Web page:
Dr. Bill Lasley and his research partner, Dr. Chen, at the University of California, Davis (UCD), are actively researching endocrine disruptors. Endocrine disruptors are substances that are present naturally, or are manufactured products, that have the potential to exert a hormonal effect. Usually these substances and products are intended for different use (in this case to remove infectious germs). However, the researchers also discovered that these substances have the potential to mimic hormonal activity, causing disruption of the endocrine hormones. This is concerning, because we encounter many of these substances every day without being aware of their potential effect to our hormonal balance.
To Dr. Lasley’s and Dr. Chen’s surprise, they found that a very common compound “tricocarban” (TCC), the common antibacterial agent placed in soap and other cleansing byproducts (i.e. lotions, wipes and other sanitizing agents), has an androgenic effect. Androgens are present in both men and women, however when excess levels are present in women they can experience excessive hair growth, irregular menstrual periods, deepening of the voice, infertility and obesity in men androgen excess can cause enlargement of testosterone-dependent organs, such as the prostate. Triclosan (TCS), another common antibacterial additive, has also been found to display the same problematic properties.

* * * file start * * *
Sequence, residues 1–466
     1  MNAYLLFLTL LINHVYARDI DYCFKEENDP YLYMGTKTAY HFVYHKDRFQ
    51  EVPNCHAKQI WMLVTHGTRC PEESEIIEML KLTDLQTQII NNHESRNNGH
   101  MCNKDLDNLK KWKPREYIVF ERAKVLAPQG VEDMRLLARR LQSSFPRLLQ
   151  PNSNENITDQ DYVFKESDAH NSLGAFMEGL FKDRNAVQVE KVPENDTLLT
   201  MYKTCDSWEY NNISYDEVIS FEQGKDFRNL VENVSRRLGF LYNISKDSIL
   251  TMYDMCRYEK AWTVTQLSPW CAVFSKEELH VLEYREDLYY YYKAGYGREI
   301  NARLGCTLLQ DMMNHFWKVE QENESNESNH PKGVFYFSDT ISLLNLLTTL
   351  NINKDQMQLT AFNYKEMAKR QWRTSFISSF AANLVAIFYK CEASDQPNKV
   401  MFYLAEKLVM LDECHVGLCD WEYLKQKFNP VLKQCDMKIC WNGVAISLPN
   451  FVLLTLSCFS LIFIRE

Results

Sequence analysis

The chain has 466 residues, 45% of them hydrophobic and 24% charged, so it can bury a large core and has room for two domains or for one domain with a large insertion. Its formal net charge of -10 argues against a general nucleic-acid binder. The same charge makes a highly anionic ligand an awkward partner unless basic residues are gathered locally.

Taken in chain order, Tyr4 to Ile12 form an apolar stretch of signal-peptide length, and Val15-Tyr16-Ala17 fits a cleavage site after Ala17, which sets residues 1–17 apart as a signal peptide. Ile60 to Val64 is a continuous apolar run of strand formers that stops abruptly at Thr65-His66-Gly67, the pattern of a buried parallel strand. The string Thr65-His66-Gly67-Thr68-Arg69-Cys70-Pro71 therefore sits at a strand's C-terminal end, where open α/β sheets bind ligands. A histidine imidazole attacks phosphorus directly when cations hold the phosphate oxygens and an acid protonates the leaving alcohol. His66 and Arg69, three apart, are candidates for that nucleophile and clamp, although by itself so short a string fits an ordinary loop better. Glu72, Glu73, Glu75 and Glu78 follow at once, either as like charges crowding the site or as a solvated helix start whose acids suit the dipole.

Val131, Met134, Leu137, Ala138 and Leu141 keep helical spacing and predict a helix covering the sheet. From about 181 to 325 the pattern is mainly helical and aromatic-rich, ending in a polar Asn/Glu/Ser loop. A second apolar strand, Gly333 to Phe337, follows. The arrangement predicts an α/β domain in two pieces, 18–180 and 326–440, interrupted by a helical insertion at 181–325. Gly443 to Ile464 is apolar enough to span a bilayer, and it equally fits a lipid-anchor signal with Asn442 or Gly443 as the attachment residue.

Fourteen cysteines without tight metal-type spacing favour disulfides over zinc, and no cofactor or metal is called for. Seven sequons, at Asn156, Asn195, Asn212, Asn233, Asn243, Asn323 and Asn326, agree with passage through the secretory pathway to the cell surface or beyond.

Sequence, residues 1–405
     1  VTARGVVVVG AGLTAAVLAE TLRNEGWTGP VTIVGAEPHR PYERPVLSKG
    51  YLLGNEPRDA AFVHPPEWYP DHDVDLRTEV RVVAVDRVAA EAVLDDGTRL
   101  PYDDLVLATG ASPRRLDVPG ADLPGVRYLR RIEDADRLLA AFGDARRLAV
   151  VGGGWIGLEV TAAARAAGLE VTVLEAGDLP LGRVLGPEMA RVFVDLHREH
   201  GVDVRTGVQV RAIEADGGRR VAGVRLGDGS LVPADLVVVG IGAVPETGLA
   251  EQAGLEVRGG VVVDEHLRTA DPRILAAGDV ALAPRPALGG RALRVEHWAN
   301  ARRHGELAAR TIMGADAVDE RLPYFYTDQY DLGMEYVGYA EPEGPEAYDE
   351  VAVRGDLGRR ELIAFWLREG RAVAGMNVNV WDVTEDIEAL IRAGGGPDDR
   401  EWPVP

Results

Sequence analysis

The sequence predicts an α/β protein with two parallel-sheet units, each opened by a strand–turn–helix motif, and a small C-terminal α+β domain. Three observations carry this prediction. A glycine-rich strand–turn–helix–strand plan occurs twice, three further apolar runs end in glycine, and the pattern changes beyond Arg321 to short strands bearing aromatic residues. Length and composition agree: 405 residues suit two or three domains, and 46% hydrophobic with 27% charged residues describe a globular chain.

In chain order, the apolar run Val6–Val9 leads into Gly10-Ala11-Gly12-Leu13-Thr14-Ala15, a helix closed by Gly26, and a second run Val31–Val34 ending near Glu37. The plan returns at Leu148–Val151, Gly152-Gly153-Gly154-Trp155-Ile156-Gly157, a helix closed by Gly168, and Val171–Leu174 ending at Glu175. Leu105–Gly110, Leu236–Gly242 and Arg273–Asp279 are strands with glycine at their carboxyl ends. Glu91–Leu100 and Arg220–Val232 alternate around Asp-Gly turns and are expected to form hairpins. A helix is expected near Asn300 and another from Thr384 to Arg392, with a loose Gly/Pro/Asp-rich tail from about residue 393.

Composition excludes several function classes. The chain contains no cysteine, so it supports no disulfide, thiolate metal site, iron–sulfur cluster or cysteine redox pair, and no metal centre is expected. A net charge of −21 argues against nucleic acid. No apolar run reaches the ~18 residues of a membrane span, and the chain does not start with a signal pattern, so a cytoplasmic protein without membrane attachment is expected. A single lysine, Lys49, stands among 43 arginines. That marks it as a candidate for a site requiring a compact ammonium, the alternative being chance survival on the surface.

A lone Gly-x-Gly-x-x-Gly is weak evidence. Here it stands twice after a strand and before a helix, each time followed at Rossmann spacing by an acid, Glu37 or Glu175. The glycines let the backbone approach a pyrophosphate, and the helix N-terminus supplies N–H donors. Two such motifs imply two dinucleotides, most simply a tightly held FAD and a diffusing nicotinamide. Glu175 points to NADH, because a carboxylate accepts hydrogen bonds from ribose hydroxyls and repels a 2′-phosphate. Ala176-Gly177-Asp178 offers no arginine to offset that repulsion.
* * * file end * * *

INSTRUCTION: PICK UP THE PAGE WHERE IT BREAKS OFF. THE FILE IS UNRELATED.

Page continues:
These substances are used extensively, despite recommendations from the 2005 FDA’s Advisory Panel on Nonprescription Drugs, who states that these compounds have no added benefit in reducing infection rates over the use of traditional soap and water. However, antibacterial product marketing accounts for approximately 1 billion dollars in profit to the industry annually.
As reproductive health professionals, we are concerned of the impact that TCC and TCS has on fertility however more research is needed. Washing hands, with traditional soap and water, vigorously for 30 seconds (the time it takes to sing “happy birthday” twice) does not affect hormonal balance and is just as effective as any antibacterial cleanser.
This information was obtained from the University of California – Davis (2007, December 8). Antibacterial Chemical Disrupts Hormone